Scotland isn’t Quebec. We don’t speak French, we think poutine is the homophobic president of Russia, and Celine Dion is not a national hero. And it’s because we’re not Quebec that Scottish independence is inevitable whereas Quebecois independence is far less certain. This is about the only observation that Gordie Broon got right in his article in the Guardian on Friday, in which he blamed the Tories for the impending demise of the United Kingdom. True to form, Gordie spectacularly failed to recognise his own role in bringing about the end of the Union, but we’ll get to that later.
Canada has very good reasons for wanting Quebec to remain a part of Canada. Without Quebec the future of Canada is gravely threatened. Without Quebec, Canada would be divided into two geographically distinct regions 1000 miles apart, and all they’d have to distinguish themselves from their southern neighbours in the USA would be Mounties and Dan Ackroyd.
Since all they’d have would be the less animated Blues Brother, the chances are that one or other of Canada’s bits would then decide they might as well apply to become the 51st state, assuming Puerto Rico doesn’t beat them to it. This simple geographic truth gives Ottawa an existential reason to want to make sure that Quebec stays Canadian. Existential, see, that’s all Jean Paul Satre-ish, and he was French too. So it’s all tres appropriate. Quebec is all that stops Canada from sitting morosely in a café with a croissant and a Gaulois and debating the meaning of existence.
This doesn’t hold true with Scotland and the UK. Should Scotland leave the UK, there is of course no UK anymore, seeing as how the UK was formed by the union of the Kingdom of Scotland and the Kingdom of England and its associated bits. Of course the rest of the UK might very well decide that they were still going to be the UK and no one in Scotland would really bat much of an eyelid. However due to the continuing confusion between the terms England and Britain, the loss of Scotland would not make the UK sit morosely in a café, or even a chip shop.
The point is that England, Wales and Northern Ireland remain England, Wales and Northern Ireland with or without Scotland. The independence of Scotland does not make it likely that Kent might apply to become a part of France. Although they should, if for no other reason than it would really piss off Nigel Farage.
Scottish independence might be a blow to the pride of Westminster, and the loss of Scottish resources a blow to the UK Treasury, but the continuance of Westminster and its Treasury are not threatened in the same way.
All this means that the stakes are far higher for the rest of Canada than they are for the rest of the UK. The Tories can afford to play fast and loose with the Union, and their voters will tolerate it, in a way that isn’t politically possible in Canada. Canada has to make accommodations to Quebec because it needs Quebec in order for there still to be a Canada. The UK doesn’t have to make the same accommodations to Scotland, and you only have to look at the actions of the Unionist parties over the past thirty years to see that they’ve given the least amount of devolution possible. And they’ve given it grudgingly, with immense ill will, and hedged about with caveats, booby traps and restrictions. The Unionist parties have never viewed devolution for Scotland as something that’s worthwhile, as something that is a response to the desire of the electorate of Scotland. They’ve only ever seen it as a political tool for defeating the SNP.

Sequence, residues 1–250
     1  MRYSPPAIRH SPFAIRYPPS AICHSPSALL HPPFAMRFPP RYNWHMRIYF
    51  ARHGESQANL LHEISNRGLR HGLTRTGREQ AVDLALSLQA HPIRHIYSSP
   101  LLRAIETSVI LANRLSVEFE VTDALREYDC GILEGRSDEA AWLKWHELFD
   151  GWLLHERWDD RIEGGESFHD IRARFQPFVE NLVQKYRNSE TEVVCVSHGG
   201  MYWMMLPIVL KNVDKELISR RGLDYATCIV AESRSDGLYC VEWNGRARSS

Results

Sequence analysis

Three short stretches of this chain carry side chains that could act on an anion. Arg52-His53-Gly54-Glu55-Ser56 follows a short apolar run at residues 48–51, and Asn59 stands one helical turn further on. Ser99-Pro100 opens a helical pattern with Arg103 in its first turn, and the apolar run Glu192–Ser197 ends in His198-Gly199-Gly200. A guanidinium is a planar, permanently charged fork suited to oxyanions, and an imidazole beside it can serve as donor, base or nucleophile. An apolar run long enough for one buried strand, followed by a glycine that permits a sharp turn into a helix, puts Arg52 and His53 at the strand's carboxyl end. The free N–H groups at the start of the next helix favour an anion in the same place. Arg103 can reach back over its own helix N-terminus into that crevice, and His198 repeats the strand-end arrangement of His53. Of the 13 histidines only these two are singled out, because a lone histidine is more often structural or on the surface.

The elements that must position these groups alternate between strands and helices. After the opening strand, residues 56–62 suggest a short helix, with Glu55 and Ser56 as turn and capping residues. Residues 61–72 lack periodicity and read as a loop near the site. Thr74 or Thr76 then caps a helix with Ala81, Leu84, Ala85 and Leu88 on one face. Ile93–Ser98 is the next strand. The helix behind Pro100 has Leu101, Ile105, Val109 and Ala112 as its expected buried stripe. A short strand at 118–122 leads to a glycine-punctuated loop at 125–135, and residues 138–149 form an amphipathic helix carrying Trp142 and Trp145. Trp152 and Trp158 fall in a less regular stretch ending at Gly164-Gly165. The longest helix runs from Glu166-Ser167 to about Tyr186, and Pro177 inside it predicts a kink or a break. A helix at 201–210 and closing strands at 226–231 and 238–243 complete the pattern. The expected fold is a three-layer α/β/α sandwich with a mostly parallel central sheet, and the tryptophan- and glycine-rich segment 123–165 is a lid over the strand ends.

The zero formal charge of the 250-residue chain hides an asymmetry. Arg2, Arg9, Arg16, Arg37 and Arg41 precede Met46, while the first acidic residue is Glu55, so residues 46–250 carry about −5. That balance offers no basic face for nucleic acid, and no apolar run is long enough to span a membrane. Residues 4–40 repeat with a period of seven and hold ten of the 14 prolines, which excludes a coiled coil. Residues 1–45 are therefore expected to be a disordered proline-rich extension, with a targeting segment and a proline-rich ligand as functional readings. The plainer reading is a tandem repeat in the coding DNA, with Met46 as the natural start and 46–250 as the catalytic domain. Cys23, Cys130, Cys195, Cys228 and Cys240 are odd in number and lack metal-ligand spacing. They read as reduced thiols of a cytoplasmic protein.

And they’re still doing it. Even though the voters of Scotland have dumped a bucket of ice cold SNP water over their heads, the Unionist parties have still not woken up. They’re still playing the party politics game, they’re still viewing devolution as a tool to use to defeat the SNP and not as an answer to the legitimate demands of the voters of Scotland. We’ve told them we want devo max, but they’re still not listening.
And that’s the big blind spot in Gordie’s rant that the Tories are risking the Union. Gordie has been equally guilty in Union risking. If he’d really been so concerned about the future of the UK you’d think that once he was no longer burdened with the demands of high office on his time and he returned to the back benches he might have made it his mission. But he didn’t. He couldn’t even be bothered to turn up. You’d think he might just have done something about it when he was Prime Minister, or when he was Chancellor of the Exchequer. But he didn’t. He was too interested in plotting and smearing his way into the top job to worry about what he was going to do once he got there and was quite happy to impose a form of devolution that was designed to provide Labour with a Parliament it could still be in power in even if the Tories returned to power in Westminster. That was Labour’s thinking in 1997, and now Gordie is upset because it’s bit Labour on the bum.
Now that Gordie is no longer in office and no longer has to turn up to anything, he wants everyone else to turn up to a convention so everyone else can do what Gordie should have done twenty years ago, and devise a lasting settlement for the Union. He even thinks the SNP should be invited, so that’s nice. But it’s not going to happen, because the SNP have nothing to gain from helping Labour devise a constitutional settlement to keep the Union, the Lib Dems don’t exist any more, Labour is a headless chicken and the Tories still don’t need to listen. It’s too little, too late, parce que nous ne vivons pas au Québec.
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